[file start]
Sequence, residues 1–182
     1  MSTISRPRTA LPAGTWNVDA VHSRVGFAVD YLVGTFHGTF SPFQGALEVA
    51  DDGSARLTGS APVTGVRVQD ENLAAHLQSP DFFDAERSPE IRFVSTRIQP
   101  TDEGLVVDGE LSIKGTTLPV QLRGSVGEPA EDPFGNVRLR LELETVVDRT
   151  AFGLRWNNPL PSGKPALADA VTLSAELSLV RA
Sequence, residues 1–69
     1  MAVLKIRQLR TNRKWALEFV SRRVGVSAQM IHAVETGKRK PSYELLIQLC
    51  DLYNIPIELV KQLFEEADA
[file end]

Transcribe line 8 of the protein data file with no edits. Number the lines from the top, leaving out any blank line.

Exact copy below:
    51  DLYNIPIELV KQLFEEADA